Source: D4K: “Fossils"
Visit the D4K companion Web site to learn more about Fossils: D4K: “Fossils"
This video segment from IdahoPTV's D4K defines a fossil, explains how fossils are formed and shows some of the tools paleontologists use to collect and study them. The video discusses why scientists study fossils and the information they hope to obtain from them. Idaho's Hagerman Horse and the Glens Ferry Formation are featured.
[JOAN CARTAN-HANSEN] Fossils are bones like these. When animals and plants from ages past die their remains are covered by silt or soil. Over thousands and thousands of years the bone is replaced by minerals and becomes encased in rock. Scientists called paleontologists dig up fossils and learn more about times past.
Idaho is famous for its fossils, particularly the Hagerman horse. This zebra-like creature lived near what is now Hagerman, Idaho in a time period called the late Pliocene epic. That was about 3 ½ million years ago.
[PHIL GENSLER] This part of Idaho is really unique because we have this large section of geology here it's called the Glenns Ferry formation. That's where we find thousands of fossils. Here in Hagerman we have 4,300 acres of land preserved and we have almost 600 fossil localities there. Every year we get about 3 to 5,000 new fossils a year and that's one of the richest sites in the world for this age of fossils that we find.
[JOAN] Many of the fossils found here are examples of the plants and animals that were in idaho before the last ice age.
[PHIL] The Hagerman horse is actually a very common horse from this time range. It's found throughout the western United States. It was first discovered in Texas of all places. But here at Hagerman it's the quantity of horses that makes this place very unique.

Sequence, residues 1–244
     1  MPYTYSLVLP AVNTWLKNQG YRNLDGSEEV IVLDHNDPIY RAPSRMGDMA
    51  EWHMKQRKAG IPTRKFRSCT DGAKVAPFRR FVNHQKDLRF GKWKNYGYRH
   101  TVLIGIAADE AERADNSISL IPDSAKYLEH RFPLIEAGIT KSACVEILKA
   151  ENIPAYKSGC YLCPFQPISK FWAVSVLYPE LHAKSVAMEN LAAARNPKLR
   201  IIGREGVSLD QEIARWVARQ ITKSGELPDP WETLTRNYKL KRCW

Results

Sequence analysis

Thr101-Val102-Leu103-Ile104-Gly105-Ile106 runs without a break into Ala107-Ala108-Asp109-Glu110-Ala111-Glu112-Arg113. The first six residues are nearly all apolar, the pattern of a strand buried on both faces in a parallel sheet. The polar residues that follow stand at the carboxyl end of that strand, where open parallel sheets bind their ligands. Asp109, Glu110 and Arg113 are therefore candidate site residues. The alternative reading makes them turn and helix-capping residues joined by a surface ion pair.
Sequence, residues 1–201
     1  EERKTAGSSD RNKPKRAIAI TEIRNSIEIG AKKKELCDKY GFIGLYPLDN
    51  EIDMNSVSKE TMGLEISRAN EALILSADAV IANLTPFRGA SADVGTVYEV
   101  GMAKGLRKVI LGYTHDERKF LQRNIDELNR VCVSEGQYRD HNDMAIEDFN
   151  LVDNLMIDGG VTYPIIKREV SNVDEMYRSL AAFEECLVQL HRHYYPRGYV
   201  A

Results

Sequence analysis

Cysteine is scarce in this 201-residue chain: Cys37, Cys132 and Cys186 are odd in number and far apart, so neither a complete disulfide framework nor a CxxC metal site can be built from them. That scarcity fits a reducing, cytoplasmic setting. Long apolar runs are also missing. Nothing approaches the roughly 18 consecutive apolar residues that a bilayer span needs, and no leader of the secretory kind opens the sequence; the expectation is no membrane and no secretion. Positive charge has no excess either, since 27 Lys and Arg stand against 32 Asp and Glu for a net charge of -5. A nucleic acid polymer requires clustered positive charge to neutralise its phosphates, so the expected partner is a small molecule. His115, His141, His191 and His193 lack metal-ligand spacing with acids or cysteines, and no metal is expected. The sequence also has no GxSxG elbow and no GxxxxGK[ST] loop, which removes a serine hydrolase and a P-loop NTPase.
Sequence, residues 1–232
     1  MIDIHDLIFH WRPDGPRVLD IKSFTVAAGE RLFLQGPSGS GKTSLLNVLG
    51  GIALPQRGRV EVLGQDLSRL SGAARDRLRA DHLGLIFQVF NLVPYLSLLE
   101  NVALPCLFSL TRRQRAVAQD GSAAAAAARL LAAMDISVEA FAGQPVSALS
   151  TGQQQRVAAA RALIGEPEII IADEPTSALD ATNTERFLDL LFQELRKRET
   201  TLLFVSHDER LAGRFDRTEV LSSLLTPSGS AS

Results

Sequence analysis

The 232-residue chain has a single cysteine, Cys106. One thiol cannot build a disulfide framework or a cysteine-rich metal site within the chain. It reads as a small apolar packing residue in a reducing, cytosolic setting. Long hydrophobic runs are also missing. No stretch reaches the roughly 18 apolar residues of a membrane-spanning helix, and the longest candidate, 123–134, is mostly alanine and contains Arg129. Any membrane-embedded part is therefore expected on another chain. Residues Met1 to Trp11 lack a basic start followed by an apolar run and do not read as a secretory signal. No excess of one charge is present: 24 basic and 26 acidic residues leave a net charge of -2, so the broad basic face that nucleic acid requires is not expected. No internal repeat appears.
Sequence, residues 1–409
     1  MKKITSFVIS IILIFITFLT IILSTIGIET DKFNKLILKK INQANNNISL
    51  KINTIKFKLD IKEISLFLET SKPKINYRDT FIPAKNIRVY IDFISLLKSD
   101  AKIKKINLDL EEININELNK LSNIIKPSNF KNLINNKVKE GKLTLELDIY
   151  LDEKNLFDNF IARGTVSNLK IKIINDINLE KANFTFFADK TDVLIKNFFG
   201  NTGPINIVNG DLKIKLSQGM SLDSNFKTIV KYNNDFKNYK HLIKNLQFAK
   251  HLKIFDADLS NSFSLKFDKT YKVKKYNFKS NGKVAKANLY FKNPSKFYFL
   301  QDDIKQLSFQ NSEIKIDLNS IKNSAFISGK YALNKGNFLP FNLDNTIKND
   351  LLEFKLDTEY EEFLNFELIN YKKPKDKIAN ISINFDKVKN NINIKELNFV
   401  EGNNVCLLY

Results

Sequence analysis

[JOAN] Paleontologists from the Smithsonian Institute found fossils of the Hagerman horse first in the 1920's. And paleontologist Phil Gensler continues their work today.
[PHIL] What you see here is one of the large plaster jackets. This is what plaster jackets will look like when we remove them from the field. This is to protect them so they don't fall apart. The second cast you see here is what they look like after we take off one side of the plaster. You can see the rock is exposed and in certain areas there are little bits of bone. This is the first step in identifying where the fossils are so we know where to work. What you see here is actually the rib bone to the horse. If we look over in this direction there's another small sliver of bone. The rock that the bones are in is like concrete. It's very hard so these fossil preparators - that's what they are called. They use air scribes which is a little hand held jack hammer and they just slowly - very slowly and very gently work away the rock from the fossil bones.
Sometimes it's really hard to tell the difference and you really need to know what you are looking at. So it takes skilled people to do that. But typically the bone is a different texture than the rock itself. With these big casts we're usually looking for horse bones but also inside there are little rodents and fish. And those require a microscope to fine them.
[JOAN] Paleontologists study fossils to learn how animals used to interact or how plants grew. They learn what the environment was like and how the earth is changing. Paleontologists need a lot of patience and a lot of schooling. But according to Phil Gensler the first thing it takes to be a good paleontologist is a sense of wonder.
[PHIL] Paleontologists are people who never really quite grew up. You start digging in the dirt and just enjoy what you find and that's pretty much where I am. I enjoy getting out in the field and finding new fossils. That's the funnest part of it.
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